Nathan Wallis – Neuroscience & The Developing Brain

February 22, 2020 - February 22, 2020

Events

Hillcrest Christian College - Theatre 21 Bridgman Drive Reedy Creek, QLD 4227

The last decade could rightfully be called the ‘decade of the brain’ as advances in medical and neuroscience have deepened our understanding of brain development and cognitive functioning, more than any other period before. Much of the public discussion has related to new knowledge of infant’s brains, however, just as many amazing are discoveries have been made relating to brain development and functioning from childhood right through to late adolescence.

 

These findings often contradict many of the long-held practices that helping professionals, teachers and parents have viewed as best practice. The result is that there is now a large gap between how people ‘think’ the developing brain functions and what neuroscience research has actually shown to be the case. An understanding of this knowledge and its practical application will help to guide your practice to better meet the behavioural, developmental and educational needs of the children, adolescents and families you work with.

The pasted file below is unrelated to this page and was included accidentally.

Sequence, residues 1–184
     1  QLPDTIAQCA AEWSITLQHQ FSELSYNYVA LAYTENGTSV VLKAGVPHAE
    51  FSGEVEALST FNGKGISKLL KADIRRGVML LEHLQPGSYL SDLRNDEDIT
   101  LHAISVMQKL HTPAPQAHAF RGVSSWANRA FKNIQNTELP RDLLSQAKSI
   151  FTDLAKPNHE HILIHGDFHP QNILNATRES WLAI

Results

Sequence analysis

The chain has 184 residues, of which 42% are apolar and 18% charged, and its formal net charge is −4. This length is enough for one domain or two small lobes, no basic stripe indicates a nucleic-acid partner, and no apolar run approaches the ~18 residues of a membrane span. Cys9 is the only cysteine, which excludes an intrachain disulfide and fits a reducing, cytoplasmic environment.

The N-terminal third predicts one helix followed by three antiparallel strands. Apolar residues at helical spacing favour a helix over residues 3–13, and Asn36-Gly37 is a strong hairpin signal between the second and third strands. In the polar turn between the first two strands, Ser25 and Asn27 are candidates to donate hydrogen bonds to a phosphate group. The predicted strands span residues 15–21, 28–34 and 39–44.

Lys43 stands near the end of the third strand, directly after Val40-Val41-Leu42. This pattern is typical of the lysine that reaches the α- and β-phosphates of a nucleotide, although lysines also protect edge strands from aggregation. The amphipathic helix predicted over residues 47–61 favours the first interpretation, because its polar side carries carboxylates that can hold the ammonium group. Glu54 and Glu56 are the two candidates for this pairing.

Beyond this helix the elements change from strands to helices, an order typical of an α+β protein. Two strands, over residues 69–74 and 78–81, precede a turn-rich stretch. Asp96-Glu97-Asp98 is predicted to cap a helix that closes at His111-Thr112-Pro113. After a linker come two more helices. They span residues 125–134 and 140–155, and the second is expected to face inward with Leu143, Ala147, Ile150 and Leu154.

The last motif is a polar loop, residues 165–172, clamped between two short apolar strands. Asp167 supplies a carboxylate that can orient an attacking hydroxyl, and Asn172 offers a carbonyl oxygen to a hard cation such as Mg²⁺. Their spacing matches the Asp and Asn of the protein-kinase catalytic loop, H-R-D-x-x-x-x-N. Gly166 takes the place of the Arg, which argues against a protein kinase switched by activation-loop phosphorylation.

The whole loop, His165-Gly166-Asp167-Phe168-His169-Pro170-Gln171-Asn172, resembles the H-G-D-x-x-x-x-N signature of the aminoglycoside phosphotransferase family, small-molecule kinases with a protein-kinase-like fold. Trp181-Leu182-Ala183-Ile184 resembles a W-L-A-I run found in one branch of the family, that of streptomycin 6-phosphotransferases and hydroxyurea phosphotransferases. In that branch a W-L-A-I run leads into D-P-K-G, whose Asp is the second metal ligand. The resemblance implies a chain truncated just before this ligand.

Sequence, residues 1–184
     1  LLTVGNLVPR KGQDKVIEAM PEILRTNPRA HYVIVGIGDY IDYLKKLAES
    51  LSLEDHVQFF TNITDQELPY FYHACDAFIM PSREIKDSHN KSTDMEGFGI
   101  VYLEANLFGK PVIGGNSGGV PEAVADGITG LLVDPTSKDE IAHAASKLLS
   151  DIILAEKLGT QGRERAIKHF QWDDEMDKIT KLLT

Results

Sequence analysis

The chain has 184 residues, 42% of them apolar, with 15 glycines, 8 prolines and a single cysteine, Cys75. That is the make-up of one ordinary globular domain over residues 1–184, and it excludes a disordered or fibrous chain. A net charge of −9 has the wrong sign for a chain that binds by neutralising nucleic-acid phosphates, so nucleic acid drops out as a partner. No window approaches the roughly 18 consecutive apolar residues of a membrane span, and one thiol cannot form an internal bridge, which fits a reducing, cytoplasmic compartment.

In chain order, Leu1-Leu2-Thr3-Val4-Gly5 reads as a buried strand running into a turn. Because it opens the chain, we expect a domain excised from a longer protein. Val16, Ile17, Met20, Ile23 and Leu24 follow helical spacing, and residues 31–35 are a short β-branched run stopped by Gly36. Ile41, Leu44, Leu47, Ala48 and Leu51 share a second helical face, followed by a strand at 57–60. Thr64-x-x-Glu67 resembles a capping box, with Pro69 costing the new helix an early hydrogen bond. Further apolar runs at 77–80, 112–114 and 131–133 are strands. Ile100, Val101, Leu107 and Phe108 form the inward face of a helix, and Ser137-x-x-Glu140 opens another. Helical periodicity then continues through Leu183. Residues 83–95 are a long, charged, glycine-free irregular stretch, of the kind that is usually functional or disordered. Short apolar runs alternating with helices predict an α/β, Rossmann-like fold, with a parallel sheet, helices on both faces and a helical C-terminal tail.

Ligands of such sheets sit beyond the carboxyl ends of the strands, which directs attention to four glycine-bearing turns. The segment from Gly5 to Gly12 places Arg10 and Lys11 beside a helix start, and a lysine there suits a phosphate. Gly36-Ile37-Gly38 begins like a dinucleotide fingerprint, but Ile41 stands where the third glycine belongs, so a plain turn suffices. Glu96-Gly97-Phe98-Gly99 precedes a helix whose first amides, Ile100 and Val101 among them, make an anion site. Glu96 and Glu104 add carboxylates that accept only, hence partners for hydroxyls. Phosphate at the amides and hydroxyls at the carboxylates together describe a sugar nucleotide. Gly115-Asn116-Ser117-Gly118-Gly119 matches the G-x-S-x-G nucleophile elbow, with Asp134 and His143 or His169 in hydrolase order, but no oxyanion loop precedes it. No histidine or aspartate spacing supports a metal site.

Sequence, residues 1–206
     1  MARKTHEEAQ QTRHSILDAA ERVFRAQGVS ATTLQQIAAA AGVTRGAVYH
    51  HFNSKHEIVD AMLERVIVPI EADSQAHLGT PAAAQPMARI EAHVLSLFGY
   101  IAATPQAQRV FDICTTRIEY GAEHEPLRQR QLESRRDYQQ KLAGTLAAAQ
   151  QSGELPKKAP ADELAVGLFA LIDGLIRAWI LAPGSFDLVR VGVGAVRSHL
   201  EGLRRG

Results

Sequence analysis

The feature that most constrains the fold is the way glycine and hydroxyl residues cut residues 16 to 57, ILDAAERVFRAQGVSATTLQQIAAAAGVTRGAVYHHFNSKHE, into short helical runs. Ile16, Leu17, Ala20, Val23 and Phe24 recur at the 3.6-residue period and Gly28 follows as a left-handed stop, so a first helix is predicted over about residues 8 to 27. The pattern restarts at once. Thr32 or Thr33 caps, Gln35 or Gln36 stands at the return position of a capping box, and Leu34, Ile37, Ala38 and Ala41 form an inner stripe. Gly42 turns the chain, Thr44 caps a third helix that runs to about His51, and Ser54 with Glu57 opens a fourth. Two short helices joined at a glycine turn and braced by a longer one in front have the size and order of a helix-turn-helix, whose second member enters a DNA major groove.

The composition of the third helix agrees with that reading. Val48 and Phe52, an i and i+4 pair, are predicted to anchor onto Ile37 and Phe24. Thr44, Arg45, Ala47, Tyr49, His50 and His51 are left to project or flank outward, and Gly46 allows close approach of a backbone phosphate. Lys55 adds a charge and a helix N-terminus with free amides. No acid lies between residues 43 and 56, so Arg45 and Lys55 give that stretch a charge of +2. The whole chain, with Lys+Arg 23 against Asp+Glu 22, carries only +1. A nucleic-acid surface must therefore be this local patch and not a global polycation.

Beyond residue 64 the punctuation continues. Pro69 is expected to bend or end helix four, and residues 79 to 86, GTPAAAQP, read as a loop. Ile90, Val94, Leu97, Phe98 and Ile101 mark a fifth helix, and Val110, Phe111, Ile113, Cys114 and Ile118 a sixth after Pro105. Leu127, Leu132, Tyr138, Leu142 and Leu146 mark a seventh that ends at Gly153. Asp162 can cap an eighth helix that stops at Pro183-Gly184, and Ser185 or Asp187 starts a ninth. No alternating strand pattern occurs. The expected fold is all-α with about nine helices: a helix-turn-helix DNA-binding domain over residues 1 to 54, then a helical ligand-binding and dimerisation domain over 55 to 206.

You will learn:

 

  • How a child’s brain works and matures including the different parts of the brain such as the frontal cortex, the influence of plasticity, and the reptilian brain.

 

  • What the research has shown about the ideal physical, emotional, educational and social conditions under which the developing brain functions at its best.

 

  • What are the implications of this knowledge for professional practice and parenting with children and adolescents?

 

  • What approaches and interventions work best from a neuroscience perspective and how to turn an outburst, argument or fear into a chance to integrate a child’s brain and foster vital social and emotional development.

 

  • From a neuroscience perspective, what are the common pitfalls parents, teachers, and helping professionals make when working with young people and which of our current approaches have been shown to be less helpful then we thought.

 

  • Practice considerations when working with children and adolescents who have experienced early life trauma which may have impacted upon their early brain development.

Register here